The United States of Amazon and its Flywheel Economy

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"The tech giants have as much money and influence as nation states." Tech Giants include Apple Facebook, and Google ... but Amazon's unique flywheel makes it the torchbearer. "AWS alone is on track to be worth $1 trillion." The Amazon flywheel fuels a circular, data-driven ecosystem that's bolstered by Open Innovation. This article summarizes two from a series called the Tech Nations project.


Don't call it AI (but it's still innovative)

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AI has long been portrayed as both an opportunity and a threat to humankind. We've seen AI medical image processing identify a large volume of eye-patients' macular degeneration, and we've seen deep learning trawl astral data searching for habitable exoplanets. Yet the negative hype around AI would have you believe that we're heading straight for a Terminator-style apocalypse. The reality of course, is far less extravagant. Today there are plenty of systems that are AI-led, like convolutional neural networks for example, which can be used to identify faces in a picture.


Microsoft releases the InnerEye Deep Learning Toolkit to improve patient care

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Microsoft's Project InnerEye has been involved in building and deploying machine learning models for years now. The team has been working with doctors, clinicians, oncologists, assisting them in tasks like radiotherapy, surgical planning, and quantitative radiology. This has reduced the burden on the people involved in the domain. The firm says that the goal of Project InnerEye is to "democratize AI for medical image analysis" by allowing researchers and medical practitioners to build their own medical imaging models. With this in mind, the team released the InnerEye Deep Learning Toolkit as open-source software today.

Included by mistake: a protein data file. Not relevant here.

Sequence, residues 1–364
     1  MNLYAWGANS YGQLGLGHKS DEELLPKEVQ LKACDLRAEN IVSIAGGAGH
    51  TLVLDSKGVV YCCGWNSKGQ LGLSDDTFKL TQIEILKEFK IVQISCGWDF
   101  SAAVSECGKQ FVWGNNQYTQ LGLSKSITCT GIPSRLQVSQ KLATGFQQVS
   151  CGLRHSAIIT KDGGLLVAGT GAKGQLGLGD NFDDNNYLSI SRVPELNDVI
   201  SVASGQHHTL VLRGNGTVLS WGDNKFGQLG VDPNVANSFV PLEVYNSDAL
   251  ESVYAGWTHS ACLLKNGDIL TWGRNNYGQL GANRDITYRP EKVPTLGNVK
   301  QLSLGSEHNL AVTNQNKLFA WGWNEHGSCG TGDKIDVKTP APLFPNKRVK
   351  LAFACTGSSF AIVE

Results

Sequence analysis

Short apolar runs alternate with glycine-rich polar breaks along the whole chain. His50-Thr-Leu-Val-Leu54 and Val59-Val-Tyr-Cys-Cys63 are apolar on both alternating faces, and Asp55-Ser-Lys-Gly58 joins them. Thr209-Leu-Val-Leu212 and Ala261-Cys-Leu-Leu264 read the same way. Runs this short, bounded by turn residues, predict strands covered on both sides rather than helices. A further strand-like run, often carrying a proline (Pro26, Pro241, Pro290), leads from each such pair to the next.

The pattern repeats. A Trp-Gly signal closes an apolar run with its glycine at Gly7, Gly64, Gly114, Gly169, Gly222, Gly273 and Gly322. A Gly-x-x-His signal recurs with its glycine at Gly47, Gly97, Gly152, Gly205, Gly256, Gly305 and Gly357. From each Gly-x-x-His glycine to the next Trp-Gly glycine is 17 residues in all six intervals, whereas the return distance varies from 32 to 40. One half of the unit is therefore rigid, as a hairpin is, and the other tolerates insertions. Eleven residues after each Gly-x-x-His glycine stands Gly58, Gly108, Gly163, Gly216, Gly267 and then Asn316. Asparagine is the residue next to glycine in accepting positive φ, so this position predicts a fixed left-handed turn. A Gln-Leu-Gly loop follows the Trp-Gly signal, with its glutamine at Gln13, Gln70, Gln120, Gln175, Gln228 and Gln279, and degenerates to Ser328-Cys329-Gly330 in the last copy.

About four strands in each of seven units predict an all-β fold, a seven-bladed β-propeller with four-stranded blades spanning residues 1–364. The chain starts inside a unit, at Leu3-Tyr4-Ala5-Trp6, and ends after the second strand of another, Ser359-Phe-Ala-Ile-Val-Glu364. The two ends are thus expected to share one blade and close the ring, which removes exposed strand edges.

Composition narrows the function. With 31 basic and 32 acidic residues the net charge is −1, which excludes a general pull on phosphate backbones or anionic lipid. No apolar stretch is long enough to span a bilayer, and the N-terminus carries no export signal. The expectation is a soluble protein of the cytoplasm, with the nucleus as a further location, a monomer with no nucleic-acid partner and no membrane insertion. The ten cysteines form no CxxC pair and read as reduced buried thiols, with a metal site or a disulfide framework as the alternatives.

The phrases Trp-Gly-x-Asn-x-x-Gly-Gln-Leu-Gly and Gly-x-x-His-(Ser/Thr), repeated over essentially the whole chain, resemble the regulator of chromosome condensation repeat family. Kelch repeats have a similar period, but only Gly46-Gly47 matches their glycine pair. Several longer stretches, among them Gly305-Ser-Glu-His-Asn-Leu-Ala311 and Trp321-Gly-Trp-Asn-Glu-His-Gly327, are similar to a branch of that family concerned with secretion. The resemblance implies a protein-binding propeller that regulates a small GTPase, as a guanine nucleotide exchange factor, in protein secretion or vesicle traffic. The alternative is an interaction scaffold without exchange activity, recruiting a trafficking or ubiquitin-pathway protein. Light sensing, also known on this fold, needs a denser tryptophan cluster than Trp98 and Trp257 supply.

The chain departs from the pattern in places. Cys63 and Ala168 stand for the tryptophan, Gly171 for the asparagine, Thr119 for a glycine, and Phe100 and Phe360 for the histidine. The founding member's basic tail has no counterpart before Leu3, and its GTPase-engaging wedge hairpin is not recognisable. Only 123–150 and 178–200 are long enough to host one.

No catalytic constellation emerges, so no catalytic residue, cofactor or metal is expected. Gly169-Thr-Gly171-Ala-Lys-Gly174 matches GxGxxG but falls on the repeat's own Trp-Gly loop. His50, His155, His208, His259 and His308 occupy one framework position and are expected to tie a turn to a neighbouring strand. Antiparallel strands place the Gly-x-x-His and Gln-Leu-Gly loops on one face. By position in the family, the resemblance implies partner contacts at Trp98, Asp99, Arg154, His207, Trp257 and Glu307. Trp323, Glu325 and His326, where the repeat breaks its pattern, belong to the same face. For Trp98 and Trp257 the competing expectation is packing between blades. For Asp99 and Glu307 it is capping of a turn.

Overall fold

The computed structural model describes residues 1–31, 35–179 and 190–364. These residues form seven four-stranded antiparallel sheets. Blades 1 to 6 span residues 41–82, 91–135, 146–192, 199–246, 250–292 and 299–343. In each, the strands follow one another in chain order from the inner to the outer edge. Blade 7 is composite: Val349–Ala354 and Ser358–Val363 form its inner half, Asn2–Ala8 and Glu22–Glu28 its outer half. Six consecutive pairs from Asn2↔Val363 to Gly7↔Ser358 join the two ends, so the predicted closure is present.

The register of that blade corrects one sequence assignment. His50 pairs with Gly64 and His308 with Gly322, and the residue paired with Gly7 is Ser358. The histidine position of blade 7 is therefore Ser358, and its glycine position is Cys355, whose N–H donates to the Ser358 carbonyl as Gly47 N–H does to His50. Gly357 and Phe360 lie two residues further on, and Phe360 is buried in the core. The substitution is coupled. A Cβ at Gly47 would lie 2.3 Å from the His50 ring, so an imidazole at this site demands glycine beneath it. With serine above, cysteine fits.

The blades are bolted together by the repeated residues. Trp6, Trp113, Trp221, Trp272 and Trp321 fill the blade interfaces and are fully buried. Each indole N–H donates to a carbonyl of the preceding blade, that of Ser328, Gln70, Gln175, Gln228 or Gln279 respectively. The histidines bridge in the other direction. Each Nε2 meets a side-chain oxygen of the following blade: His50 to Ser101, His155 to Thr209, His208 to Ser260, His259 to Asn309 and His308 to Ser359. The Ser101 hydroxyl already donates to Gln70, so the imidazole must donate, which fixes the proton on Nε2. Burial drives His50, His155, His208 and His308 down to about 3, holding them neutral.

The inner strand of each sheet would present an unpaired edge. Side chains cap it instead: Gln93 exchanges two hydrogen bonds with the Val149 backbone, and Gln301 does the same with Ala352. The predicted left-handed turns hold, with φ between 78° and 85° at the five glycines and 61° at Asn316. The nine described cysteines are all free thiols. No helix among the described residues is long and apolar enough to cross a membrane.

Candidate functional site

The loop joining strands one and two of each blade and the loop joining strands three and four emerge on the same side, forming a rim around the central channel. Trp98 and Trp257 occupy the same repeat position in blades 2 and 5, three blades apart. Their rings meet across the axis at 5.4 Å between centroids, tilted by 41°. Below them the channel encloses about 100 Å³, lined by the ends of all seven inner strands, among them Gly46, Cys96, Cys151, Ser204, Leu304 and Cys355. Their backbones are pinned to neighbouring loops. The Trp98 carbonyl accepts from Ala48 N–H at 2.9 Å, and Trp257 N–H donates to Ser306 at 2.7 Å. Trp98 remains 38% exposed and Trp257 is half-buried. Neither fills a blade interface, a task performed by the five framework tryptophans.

Artificial intelligence detects osteoarthritis years before it develops

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Researchers at the University of Pittsburgh School of Medicine and Carnegie Mellon University College of Engineering have created a machine-learning algorithm that can detect subtle signs of osteoarthritis--too abstract to register in the eye of a trained radiologist--on an MRI scan taken years before symptoms even begin. These results will publish this week in PNAS. With this predictive approach, patients could one day be treated with preventative drugs rather than undergoing joint replacement surgery. "The gold standard for diagnosing arthritis is X-ray. As the cartilage deteriorates, the space between the bones decreases," said study co-author Kenneth Urish, M.D., Ph.D., associate professor of orthopaedic surgery at Pitt and associate medical director of the bone and joint center at UPMC Magee-Womens Hospital.


Using Machine Learning in Patient Diagnoses – Voices

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When I was six years old, I remember walking with my father to the doctor's office, which was in a clinic two towns from where we lived. When we reached the Afari clinic, the only nurse on duty recorded my vital symptoms, including my temperature, pulse, and blood pressure, and told us to wait for our turn. I was the 30th person in line to meet the only doctor available at the clinic. We waited for hours before it was finally my turn. The doctor went over my vital symptoms which were: Pressure: Normal; Temperature: High; Pulse: Normal.